Set in a chic loft on the Lower East Side of Manhattan, Wilson’s electrifying play shows the tension that erupts when people from very different worlds collide. A penetrating exposition of four violently opposing characters who are scrambling to regain control over their lives.

Commissioned by the Circle Repertory Company, Burn This first appeared at the Mark Taper Forum in Los Angeles in 1987 to near-universal praise. Set in the bohemian art world of downtown New York, this vivid and challenging drama explores the spiritual and emotional isolation of Anna and Pale, two outcasts who meet in the wake of the accidental death by drowning of a mutual friend. Their determined struggle toward emotional honesty and liberation—by no means guar-anteed at the play’s ambiguous end—exemplifies the strength, humor, and complexity of all of Lanford Wilson’s work and confirms his standing as one of America’s greatest living playwrights.

“From his earliest plays to his latest, Burn This, Lanford Wilson has been firmly committed to the free expression of the individual spirit, no matter how noncon-formist or even prodigal that spirit may seem to be... In the sense that it deals with lonely and displaced characters, Burn This is in the Wilson tradition. Where it breaks dramatic ground for the author is in its passion ... Mr. Wilson exposes deep uncauterized emotional wounds-and offers no salve. His unlikely romantic couple come together at the end of the play, but it would be precipitous to think of it as a happy ending. The affair is a daring—and even questionable—step for the characters, Anna, a dancer-choreographer, and Pale, a wild man and certifiable outsider.”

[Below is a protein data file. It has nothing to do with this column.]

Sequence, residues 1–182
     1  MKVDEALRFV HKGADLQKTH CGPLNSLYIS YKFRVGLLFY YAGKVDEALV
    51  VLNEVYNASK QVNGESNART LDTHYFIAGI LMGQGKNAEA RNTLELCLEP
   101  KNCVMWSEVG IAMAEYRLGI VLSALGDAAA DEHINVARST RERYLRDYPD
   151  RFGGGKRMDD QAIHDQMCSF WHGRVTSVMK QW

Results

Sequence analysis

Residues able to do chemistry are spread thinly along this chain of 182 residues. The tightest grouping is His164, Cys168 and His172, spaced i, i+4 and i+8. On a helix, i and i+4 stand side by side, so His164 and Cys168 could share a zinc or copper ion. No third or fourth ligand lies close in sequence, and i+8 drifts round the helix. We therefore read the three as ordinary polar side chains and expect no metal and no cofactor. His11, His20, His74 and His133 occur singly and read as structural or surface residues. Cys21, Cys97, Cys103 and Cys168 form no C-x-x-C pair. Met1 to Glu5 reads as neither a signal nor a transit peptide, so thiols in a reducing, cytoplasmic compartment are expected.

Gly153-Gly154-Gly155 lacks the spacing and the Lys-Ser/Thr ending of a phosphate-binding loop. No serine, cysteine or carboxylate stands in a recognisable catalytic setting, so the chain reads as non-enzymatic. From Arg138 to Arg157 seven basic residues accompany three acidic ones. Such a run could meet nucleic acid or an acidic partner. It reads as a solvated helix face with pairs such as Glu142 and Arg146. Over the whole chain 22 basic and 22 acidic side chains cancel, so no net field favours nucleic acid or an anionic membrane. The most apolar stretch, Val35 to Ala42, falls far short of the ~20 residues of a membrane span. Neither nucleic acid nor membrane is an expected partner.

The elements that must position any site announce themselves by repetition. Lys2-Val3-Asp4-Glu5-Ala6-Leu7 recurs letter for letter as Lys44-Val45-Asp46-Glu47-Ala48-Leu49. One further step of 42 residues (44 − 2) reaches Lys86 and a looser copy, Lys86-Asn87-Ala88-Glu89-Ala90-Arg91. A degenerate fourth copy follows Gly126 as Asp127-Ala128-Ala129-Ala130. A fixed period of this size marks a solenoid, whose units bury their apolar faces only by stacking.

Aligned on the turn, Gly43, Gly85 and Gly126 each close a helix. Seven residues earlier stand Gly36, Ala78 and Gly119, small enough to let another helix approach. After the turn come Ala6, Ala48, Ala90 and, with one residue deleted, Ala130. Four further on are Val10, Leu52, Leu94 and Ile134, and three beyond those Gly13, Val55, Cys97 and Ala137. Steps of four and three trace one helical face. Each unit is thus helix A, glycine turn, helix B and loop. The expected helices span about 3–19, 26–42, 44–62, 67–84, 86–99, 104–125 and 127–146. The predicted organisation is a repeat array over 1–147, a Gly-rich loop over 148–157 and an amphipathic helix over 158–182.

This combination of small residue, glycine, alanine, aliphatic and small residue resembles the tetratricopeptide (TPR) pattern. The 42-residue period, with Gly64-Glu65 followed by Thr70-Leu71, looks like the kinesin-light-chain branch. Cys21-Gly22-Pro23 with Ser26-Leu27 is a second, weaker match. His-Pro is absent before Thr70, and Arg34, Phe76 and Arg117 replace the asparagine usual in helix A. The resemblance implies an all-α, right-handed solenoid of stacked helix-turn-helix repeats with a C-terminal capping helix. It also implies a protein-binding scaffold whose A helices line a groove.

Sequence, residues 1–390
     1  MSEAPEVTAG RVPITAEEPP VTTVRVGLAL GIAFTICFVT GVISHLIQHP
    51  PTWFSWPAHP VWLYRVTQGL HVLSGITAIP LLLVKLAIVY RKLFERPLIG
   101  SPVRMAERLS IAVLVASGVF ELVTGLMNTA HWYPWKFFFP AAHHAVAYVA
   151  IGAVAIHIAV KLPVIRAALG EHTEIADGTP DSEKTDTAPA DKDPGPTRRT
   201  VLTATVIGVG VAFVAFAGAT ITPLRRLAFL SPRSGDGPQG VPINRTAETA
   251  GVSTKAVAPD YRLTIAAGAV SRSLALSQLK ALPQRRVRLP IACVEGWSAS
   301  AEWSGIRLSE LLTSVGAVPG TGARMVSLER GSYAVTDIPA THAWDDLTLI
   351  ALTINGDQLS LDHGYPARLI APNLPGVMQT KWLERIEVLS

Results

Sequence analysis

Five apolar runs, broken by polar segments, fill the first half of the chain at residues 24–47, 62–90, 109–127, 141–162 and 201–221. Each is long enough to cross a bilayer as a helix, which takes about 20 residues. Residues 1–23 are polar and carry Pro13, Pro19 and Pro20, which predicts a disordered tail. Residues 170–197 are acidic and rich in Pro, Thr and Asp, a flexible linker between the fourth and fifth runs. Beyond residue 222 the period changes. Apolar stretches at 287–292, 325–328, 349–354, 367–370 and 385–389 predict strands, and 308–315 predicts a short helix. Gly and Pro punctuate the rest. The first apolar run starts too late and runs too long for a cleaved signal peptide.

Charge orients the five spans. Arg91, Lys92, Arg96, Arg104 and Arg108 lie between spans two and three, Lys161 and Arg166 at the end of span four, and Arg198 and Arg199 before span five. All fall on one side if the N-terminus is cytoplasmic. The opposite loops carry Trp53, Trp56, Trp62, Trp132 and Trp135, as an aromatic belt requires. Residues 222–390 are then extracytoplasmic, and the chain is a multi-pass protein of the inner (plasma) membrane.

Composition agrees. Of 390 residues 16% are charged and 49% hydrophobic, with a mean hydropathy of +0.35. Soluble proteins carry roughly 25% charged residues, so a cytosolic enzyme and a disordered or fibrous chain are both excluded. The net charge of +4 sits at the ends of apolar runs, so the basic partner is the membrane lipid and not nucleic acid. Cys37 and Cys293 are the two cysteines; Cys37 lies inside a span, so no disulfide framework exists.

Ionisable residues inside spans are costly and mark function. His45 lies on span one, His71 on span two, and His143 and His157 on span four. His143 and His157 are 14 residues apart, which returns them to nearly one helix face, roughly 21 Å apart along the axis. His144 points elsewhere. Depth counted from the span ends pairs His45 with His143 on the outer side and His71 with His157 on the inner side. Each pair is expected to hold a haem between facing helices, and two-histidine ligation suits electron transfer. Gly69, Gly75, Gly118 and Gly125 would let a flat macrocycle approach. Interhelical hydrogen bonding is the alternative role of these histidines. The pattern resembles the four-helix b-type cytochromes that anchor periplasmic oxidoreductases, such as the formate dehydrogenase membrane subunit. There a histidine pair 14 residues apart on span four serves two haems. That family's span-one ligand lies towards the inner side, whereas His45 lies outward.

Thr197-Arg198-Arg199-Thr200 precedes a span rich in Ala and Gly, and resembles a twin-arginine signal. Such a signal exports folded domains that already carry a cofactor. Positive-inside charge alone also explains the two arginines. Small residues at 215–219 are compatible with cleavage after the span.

Mel Gussow, The New York Times

Burn This is neither a straight play nor a gay one (or perhaps it’s the first play that’s truly both straight and gay), a comedy that laughs at its own tragic roots, a love story in which the lovers are scared to death of one another, a play about art in which the strongest sensibility belongs to a character who looks upon artists as frauds... The play has a voracious vitality and an almost manic determination to drive right into the highest voltage that life can register”
—Jack Kroll, Newsweek

The title of the play is drawn from a statement by one of the characters, a successful-yet-frustrated screenwriter, who asserts that the real artist must “make it personal, tell the truth, and then write, ‘Burn this’ on it.” The play juxtaposes relationships that derive from the head and those that derive from the gut , and it forces the characters to make a choice; it requires them to face stasis versus change, comfort versus passion; and whether or not a passion that opens up art, creativity, and terrible turbulence is a tenable place to live...